U.S., China make progress on trade, but talks to continue
The United States and China have made progress on a deal aimed at boosting U.S. exports to the Asian giant by about $200 billion in coming years, but do not have a final agreement, two administration officials said late Friday.
The two sides were still working out the wording of a joint statement, but hoped to issue it tonight, the officials said. Talks are expected to continue at a later date.
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“This deal is not going to fall apart. POTUS has blessed it now,” one senior administration official said late Friday afternoon.
In exchange for taking steps to increase purchases of U.S. goods and liquefied natural gas, China wants Trump to back off his threat to impose tariffs on $50 billion to $150 billion worth of Chinese goods and to restrict Chinese investment in certain sectors of the U.S. economy.
That is still being negotiated, and the administration wants a “trust but verify” approach that keeps those as possible remedies if China doesn’t deliver on promised reforms, one of the officials said.
Heading into the talks, there were expectations that Liu, the head of the Chinese delegation, was coming with promises to make big purchases of agricultural, energy and other products to bring bilateral trade into balance. However, Beijing’s offer is actually to open its market in a number of sectors by reducing trade barriers, the official said.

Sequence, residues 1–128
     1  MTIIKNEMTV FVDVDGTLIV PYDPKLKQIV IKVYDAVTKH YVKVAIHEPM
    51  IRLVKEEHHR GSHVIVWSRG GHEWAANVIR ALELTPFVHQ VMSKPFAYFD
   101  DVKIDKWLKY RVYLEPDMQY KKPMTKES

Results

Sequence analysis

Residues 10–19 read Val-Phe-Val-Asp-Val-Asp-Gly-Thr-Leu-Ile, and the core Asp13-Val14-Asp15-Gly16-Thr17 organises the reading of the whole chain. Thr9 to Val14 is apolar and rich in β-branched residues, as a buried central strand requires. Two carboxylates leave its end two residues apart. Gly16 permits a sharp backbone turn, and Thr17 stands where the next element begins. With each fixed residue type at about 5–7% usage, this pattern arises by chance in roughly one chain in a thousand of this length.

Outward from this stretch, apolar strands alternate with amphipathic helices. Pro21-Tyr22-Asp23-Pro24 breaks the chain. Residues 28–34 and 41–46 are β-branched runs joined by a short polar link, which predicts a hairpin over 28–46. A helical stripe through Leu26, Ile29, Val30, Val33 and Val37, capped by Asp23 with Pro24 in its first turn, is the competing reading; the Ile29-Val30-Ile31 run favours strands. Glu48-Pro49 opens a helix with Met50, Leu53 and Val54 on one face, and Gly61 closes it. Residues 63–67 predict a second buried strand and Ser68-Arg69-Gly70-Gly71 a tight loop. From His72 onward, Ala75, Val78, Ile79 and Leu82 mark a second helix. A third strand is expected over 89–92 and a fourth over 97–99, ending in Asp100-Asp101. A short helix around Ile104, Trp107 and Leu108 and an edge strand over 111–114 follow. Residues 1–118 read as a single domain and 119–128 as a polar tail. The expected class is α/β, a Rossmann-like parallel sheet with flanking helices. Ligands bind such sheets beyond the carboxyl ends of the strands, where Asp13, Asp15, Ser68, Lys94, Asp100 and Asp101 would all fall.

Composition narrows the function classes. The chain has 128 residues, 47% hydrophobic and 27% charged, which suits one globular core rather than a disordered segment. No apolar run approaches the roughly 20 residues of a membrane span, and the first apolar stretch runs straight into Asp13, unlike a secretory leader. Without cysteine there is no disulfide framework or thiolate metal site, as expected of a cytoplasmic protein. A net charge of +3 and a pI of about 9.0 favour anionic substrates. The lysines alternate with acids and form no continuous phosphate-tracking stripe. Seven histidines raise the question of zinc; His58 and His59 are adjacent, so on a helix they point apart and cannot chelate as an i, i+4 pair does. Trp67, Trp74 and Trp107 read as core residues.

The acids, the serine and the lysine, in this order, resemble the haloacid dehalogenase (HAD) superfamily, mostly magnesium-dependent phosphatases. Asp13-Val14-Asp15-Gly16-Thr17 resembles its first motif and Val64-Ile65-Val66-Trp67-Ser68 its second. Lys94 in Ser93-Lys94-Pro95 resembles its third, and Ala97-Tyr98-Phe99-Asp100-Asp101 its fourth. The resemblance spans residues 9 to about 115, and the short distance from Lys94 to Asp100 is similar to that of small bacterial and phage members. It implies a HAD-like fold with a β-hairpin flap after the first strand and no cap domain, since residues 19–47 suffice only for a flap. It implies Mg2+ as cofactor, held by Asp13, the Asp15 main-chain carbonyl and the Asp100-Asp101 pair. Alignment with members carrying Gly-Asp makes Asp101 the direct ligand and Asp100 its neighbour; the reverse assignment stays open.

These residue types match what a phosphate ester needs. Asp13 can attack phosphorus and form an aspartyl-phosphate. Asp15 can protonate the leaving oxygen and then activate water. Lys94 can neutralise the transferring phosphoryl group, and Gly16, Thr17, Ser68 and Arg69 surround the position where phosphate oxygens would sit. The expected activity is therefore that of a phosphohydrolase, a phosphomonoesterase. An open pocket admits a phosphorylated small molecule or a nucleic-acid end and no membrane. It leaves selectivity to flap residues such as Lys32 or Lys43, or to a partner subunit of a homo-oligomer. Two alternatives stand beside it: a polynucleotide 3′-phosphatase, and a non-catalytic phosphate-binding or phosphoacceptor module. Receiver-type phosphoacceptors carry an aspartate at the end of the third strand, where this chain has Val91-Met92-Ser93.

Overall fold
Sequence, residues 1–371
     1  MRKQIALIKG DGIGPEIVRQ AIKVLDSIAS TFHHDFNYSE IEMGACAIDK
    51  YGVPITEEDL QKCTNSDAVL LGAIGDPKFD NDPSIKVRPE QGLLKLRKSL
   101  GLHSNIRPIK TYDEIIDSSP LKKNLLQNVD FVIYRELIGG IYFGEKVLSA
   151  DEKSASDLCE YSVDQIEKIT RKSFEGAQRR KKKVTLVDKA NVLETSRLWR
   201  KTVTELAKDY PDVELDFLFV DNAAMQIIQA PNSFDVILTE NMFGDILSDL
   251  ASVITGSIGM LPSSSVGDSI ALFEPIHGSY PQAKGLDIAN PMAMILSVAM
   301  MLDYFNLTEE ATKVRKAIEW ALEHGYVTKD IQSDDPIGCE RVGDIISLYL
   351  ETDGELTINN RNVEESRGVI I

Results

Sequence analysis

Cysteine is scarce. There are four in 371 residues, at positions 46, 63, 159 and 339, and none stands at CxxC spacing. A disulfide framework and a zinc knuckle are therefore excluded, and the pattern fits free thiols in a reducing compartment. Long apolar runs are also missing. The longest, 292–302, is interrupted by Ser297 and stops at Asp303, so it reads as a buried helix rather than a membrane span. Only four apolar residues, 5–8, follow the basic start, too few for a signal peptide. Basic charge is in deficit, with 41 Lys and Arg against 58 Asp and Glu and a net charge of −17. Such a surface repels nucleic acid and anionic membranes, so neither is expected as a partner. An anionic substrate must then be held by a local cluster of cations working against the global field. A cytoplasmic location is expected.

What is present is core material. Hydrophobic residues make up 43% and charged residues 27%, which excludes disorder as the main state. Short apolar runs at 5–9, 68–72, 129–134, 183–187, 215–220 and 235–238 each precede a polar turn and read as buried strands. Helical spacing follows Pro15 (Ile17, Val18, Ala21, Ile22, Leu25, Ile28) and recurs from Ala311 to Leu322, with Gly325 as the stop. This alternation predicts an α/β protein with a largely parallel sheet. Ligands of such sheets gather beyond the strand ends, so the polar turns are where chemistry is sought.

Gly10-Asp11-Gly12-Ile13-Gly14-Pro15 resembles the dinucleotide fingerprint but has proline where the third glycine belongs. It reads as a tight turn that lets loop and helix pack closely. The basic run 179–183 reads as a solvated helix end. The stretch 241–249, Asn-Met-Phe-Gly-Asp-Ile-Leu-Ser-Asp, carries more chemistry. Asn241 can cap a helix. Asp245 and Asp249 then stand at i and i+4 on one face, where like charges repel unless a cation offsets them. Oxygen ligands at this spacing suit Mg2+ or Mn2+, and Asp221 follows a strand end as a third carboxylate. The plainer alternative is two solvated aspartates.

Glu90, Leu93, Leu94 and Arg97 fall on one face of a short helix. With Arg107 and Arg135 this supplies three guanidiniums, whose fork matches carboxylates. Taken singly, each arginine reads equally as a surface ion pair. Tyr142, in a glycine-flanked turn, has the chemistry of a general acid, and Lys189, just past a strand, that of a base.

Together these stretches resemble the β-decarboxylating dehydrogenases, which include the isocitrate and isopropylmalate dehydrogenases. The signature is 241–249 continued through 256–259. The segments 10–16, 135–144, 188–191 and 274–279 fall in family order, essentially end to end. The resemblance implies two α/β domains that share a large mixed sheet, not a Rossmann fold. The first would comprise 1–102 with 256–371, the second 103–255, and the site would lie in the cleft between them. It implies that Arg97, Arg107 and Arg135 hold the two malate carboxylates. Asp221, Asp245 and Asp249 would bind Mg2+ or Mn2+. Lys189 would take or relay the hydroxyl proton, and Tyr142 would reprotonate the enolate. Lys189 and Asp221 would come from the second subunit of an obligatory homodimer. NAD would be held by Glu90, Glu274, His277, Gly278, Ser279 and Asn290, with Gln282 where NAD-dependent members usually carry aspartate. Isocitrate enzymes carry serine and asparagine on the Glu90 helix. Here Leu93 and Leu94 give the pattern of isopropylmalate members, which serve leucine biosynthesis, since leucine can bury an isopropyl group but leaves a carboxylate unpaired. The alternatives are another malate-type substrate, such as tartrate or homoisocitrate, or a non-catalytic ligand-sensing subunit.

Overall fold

“I think the key point in all this is that the trade talks are going very well,” White House chief economic adviser Larry Kudlow told Fox Business Network on Friday. “I mean actually, the president himself has shown more enthusiasm and optimism about this trade deal than I’ve ever seen him.”
Liu met with Trump on Thursday and gave “an excellent presentation” of steps Beijing was willing to make to bring bilateral trade into balance and address other U.S. concerns, Kudlow said.
“He outlined a whole bunch of remedies for the trade deficit issue and the barriers — the tariff and non-tariff barriers — and also of course the technology theft problems,” Kudlow said.
The Chinese government described the talk as “positive, constructive and fruitful,” according to China Central Television.
A deal that provides substantial new market openings for U.S. exports could find strong support among business groups concerned that Trump would settle for an agreement that provides a short term sales bump without addressing major problems.
The U.S. business sector was reserving judgment until it sees the details.
“We’d be pleased if the two sides make enough progress to dial back on tariffs,” said John Frisbie, president of the U.S.-China Business Council. “But, they need to then move quickly to substantive negotiations on the structural issues that frustrate market access in China for American companies and get improvements in intellectual property and technology protections.”
In that vein, Senate Minority Leader Chuck Schumer weighed in on the negotiations Friday, urging Trump not to accept a Chinese pledge to buy American goods in exchange for dropping a threat to impose tariffs.